Government shutdown ends
After a 16-day shutdown, the U.S. government reopened on Oct. 17, meaning federal agencies, parks, websites, museums and monuments did as well. Senate Majority Leader Harry M. Reid and Minority Leader Mitch McConnell reached an agreement that funds agencies through mid-January calls for civil servants back to work and raises the debt ceiling to $16.7 trillion, the fifth raise since 2008. The bill passed on Oct. 16. The Senate agreement was reached with an 81-18 vote and a few hours later, the House followed, approving the measure 285-144, according to the Washington Post. Republicans joined in on the measure and gave President Barack Obama a bill to fund the government and increase the Treasury Department’s borrowing power which led the government to meet the critical default deadline with one day to spare.
Belgian skydiving plane crashes
On Oct. 19, a plane carrying passengers for a skydiving trip crashed in southern Belgium killing all 11 on board the flight, 10 skydivers and one pilot, according to Fox News. About 20 minutes after the plane took off, witnesses saw the plane lose height quickly and crash on a field in a nearby town. Three parachutes were found near the crash site; however, no one was hurt on the ground because skydivers were not able to jump out, according to Mayor Jean-Claude Nihoul. Belgian Prime Minister Elio Di Rupo confirmed the news of the crash and gave his condolences to the victim’s families.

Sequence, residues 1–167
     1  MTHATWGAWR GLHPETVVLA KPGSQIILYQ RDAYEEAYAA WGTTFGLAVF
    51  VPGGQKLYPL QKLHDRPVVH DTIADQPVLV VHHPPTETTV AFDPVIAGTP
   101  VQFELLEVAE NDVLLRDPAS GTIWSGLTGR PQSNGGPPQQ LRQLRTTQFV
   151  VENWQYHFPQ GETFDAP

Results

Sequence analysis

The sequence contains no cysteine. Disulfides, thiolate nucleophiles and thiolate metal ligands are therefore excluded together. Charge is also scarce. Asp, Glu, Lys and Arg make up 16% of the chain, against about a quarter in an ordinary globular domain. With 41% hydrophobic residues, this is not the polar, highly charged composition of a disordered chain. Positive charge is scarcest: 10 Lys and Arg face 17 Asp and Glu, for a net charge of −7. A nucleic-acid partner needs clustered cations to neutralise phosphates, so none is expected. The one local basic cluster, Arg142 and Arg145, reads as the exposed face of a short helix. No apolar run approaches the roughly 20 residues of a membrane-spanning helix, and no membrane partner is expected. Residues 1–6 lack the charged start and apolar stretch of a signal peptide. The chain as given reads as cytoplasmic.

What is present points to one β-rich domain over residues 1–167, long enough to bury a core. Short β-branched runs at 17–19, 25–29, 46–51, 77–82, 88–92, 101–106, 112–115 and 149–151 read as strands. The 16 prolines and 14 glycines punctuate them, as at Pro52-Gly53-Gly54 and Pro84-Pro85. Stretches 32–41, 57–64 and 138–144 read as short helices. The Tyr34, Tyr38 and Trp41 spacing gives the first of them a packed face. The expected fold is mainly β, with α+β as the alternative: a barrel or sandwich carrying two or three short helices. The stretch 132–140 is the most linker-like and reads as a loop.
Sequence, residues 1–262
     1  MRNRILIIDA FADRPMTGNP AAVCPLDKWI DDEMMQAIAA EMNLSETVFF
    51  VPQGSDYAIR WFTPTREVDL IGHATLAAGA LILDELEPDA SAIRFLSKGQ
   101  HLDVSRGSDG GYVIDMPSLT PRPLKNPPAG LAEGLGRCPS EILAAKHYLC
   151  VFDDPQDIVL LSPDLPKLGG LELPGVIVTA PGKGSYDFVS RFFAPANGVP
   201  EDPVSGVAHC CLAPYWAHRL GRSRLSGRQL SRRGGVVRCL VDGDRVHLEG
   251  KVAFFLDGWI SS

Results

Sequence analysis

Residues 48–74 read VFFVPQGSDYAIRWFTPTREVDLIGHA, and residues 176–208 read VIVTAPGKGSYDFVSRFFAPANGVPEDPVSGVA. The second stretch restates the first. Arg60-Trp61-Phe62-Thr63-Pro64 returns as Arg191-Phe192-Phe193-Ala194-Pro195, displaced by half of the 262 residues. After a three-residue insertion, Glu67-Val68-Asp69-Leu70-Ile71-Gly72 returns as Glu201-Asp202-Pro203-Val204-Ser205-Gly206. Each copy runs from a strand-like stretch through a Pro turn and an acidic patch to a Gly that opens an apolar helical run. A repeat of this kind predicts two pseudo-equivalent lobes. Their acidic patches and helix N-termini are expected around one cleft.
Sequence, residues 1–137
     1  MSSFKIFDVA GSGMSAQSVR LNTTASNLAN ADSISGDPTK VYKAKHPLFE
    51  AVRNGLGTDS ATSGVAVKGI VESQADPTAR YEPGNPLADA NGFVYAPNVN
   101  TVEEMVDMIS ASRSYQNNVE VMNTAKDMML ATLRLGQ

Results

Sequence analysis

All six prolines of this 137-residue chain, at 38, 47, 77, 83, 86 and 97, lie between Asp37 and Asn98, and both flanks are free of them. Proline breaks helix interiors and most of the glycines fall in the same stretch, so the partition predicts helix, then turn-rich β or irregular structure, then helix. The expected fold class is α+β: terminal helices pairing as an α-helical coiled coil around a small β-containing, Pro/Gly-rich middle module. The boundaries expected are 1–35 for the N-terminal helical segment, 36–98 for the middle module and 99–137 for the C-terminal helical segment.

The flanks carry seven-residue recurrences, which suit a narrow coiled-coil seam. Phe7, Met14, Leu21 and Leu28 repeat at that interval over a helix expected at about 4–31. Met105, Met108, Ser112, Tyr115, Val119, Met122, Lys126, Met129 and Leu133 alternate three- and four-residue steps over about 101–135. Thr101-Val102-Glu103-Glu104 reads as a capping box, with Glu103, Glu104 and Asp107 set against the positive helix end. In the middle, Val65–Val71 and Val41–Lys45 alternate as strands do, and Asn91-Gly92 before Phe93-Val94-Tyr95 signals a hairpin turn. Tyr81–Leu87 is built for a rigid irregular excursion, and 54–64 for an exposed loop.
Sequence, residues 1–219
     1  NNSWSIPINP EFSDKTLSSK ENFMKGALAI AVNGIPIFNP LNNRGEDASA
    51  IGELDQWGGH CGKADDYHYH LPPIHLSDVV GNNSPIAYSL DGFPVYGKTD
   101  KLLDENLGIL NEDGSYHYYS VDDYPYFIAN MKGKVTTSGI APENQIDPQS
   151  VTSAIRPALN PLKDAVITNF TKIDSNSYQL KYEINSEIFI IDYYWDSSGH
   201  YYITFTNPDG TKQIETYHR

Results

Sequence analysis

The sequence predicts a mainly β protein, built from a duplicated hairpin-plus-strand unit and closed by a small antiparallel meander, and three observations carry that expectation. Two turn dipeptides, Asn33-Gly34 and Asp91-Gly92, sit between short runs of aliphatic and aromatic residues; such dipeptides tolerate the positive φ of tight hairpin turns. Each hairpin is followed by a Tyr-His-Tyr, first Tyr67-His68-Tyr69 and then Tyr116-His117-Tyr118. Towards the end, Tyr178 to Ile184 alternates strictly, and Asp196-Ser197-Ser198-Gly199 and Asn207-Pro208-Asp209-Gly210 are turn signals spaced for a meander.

LA Times editor fact-checks letters
People with skeptical global climate view sending in letters to the Los Angeles Times are likely not to get their piece published, according to The Washington Times. Editor of the paper’s letters section, Paul Thornton, wrote in his letter that those skeptical of mans’ role in climate change are often wrong and he doesn’t print inaccurate facts. The letter has fired up scientists who have written these types of letters. However, Thornton explained that his policy was misinterpreted, and that it is no complete ban on climate skeptics, but eliminating “factual inaccuracy”. The Los Angeles Times set the tone for other newspapers to join in on the cause and keep inaccurate climate skeptics off the pages.
Teen suspended for being D. D.
High school senior Erin Cox of Mass. lost her position as volleyball captain and was suspended from five games after picking up a drunk friend from a party, according to Huffington Post. Cox said she got a call from a friend at a party who was too drunk to drive. Cox went to pick up her friend and arrived at the party just as the police showed up. Authorities confirmed that Cox was not drinking, but school officials punished her for violating a no tolerance policy for drugs and alcohol. The Cox family hired a lawyer and sued the school district. However, a judge ruled that the court did not have jurisdiction. The family’s next expected move will be taking the case to the federal court.
Yellowstone protects native trout
Yellowstone Park officials are worried that the rainbow trout, which were introduced to the waters more than a hundred years ago, are pushing out native fish, the cutthroat trout. In order to protect cutthroats this year, the park started requiring all other fish caught to be killed in three fishing areas where cutthroat trout still exist. According to Fox News, the plan is causing worries for some fish lovers who fear it will decrease the overall amount of fish and the mass amount of tourists who bring economic growth to the area. The Yellowstone plan was created in an effort to try and fulfill a government mandate to return the parks wilderness to its original state.
Published Oct. 23, 2013